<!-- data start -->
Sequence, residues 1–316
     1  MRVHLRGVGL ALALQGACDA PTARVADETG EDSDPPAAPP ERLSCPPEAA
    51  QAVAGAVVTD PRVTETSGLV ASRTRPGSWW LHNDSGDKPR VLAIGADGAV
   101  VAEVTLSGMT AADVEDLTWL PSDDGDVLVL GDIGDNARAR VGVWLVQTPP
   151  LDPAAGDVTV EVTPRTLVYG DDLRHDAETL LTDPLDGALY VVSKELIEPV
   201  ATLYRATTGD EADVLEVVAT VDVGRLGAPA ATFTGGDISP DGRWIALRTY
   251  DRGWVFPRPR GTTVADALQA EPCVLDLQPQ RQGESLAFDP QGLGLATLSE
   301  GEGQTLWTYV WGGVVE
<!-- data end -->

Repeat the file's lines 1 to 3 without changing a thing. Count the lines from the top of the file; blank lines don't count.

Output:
Sequence, residues 1–316
     1  MRVHLRGVGL ALALQGACDA PTARVADETG EDSDPPAAPP ERLSCPPEAA
    51  QAVAGAVVTD PRVTETSGLV ASRTRPGSWW LHNDSGDKPR VLAIGADGAV